The last two weeks were big games for the Nittany Lions.
Beating Michigan was necessary in order to stay in the BCS title picture, to maybe oil up the old national championship bandwagon.
In the wake of the Michigan loss, beating Illinois was important to stay in the Big Ten title hunt.
Now that both of those opportunities have been engulfed by Penn State's inability to swim in the red zone, today is another important game -- for a different reason.
This time, it's important for Joe Paterno.
A championship run of any kind aside, the biggest story surrounding Penn State football is how much longer the Paterno Era will last and on whose terms it will conclude.
Paterno signed and/or the university announced a five-year contract extension after the 2003 season. That agreement would expire after 2008.
At the time, even though he was coming off three losing seasons in four years, not to mention losing all of the biggest games in 2002 with a lineup stocked with NFL talent, and even though he was then 76, Penn State stood by its man and went along with JoePa's wishes.
Fastforward four years.
He careened to 4-7 in '04. After a 2-7 start, university officials pushed him on a retirement plan, and he successfully talked them out of it.
He delivered a great year -- in 2005 when the Lions finished 11-1 and ranked No. 3 in the country after beating Florida State in the Orange Bowl.
Last year brought an ordinary 9-4, void of a great Big Ten win but was capped by an encouraging victory over Tennessee in the Outback Bowl.
Which brings us to this year. With hopes high for another 2005-type charge, the Lions once again could not conquer Michigan, and in fact turned in one of the more discouraging performances in recent history, given the expectations, when Paterno tore out the more imaginative plans of the playbook and tried to win the game 16-14.
It didn't work, and the hangover continued last week in a loss at Illinois, embellishing the Lions' away difficulties and sending them to their 19th loss in their last 30 Big Ten road trips.
The upside is they're 16-1 in the last three years at Beaver Stadium.
Iowa has beaten Penn State five straight games, including the 6-4 gem in 2004 -- a game in which the Hawkeye staff practically taunted the Lions by taking a fourth-quarter safety, confident the Nit offense couldn't inch its way into field goal range.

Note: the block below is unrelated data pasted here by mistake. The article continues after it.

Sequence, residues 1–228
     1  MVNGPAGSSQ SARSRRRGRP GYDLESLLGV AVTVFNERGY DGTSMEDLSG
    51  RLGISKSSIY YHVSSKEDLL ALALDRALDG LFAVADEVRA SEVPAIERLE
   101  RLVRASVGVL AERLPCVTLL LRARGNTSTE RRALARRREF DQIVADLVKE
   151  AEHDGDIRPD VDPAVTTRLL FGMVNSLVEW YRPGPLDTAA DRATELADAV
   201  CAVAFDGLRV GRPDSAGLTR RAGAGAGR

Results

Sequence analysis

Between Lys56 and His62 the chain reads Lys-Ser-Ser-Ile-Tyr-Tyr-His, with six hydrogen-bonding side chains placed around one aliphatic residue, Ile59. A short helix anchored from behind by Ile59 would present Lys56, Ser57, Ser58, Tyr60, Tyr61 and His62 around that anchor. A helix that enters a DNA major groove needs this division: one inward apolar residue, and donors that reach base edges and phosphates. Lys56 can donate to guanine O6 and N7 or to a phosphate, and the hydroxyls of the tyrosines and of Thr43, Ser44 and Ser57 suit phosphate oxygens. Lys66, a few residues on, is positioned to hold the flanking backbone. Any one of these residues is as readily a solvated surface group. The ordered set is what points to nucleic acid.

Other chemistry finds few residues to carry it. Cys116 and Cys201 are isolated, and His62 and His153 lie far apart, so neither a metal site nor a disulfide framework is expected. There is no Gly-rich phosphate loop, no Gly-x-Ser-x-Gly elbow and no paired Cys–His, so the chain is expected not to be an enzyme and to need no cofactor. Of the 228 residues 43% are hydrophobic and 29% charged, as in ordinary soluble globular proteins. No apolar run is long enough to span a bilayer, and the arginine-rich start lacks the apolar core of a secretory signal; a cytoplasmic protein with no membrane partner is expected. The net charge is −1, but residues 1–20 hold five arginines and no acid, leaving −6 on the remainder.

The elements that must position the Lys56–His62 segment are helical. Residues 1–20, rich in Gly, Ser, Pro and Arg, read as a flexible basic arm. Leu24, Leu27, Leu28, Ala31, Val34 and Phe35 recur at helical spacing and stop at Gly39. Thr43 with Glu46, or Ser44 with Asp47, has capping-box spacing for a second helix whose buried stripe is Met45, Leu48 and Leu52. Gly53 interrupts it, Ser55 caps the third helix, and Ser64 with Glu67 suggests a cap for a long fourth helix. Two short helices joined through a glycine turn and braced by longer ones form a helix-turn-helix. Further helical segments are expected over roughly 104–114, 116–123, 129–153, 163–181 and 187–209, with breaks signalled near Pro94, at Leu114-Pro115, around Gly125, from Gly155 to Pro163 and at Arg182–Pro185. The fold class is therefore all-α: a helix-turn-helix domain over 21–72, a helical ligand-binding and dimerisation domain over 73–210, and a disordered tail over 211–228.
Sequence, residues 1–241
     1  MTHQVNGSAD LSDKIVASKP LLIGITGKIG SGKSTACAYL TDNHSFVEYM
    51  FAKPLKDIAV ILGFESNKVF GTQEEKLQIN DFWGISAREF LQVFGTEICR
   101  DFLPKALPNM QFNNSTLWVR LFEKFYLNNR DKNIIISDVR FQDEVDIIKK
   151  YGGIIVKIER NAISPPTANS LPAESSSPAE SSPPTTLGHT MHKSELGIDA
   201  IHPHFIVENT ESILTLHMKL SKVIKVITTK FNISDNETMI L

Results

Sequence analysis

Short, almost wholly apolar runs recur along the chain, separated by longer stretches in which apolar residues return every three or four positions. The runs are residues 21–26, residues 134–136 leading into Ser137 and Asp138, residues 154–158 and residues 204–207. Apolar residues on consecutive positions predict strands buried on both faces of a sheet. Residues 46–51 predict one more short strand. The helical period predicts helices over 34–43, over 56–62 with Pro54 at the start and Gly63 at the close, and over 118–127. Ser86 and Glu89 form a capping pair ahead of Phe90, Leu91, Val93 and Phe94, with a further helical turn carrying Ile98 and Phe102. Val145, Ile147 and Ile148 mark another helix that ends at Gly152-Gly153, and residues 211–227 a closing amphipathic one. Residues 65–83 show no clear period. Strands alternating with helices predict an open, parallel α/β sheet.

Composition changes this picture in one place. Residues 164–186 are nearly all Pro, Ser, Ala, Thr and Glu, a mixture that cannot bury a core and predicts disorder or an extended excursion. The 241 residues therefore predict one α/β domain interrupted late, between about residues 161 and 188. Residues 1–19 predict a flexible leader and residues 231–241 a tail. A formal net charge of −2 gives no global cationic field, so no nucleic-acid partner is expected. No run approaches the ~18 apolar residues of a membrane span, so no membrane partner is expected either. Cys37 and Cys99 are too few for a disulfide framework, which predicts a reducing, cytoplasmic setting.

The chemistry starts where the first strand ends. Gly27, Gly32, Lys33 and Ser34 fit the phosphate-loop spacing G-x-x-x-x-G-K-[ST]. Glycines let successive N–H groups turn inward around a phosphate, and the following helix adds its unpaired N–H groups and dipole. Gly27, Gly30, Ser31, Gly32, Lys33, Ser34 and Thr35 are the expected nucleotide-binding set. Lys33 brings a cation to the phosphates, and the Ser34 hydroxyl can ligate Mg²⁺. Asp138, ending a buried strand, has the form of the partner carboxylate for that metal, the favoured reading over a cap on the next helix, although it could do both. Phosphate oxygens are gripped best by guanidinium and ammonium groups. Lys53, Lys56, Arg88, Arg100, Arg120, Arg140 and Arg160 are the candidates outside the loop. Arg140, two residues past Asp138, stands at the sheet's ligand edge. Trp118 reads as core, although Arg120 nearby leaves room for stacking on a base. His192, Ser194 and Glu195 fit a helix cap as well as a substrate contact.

Iowa was right.
Which is all the more reason Paterno has to win today. If he can't stop the bleeding against what this year is a struggling Iowa team, if he slips to 3-3 with visits from Wisconsin and Ohio State sandwiched around a trip to Bloomington looming, not to mention explosive Purdue and improving Michigan State in November, there's reason to think this will be a 7-5 season at best and likely a lot worse.
If that happens, since nobody wants to coach the final year of his contract, obviously preferring to get an extension as a recruiting statement, what does Paterno do?
Does he retire? Does he coach next year? Does he admit to himself that the last time he got the most out of his talent was 1996? Does he push school president Graham Spanier, who recently signed a five-year extension and plans to manage the ultimate transition?
And at 7-5 or less, what does Spanier do?
Since the '04 retirement discussion, the relationship between Paterno and Spanier has been frosty. Paterno has taken a few veiled public digs at Spanier. And during WPSX's "Huddle Up" TV show on the Nittany Lions last week, Spanier said this about the Lion offense: "We clearly did not play to our potential. A lot of our fans I'm hearing from are wondering about the playcalling. We kept trying to run the ball when it wasn't working. We have great wide receivers. I would have thought we would have tried harder to reach them."
At the same time, you'd guess the last thing Spanier wants to do is take Paterno's keys, that his retirement should be graceful, at least a mutual decision, and not a surrender.
But Paterno has resisted a succession plan and clearly created the scenario he's in by staying this long, chasing but unable to catch his 1980s' shadow.
To maintain control of his own destiny, at least through next year if he wants it, JoePa better win today.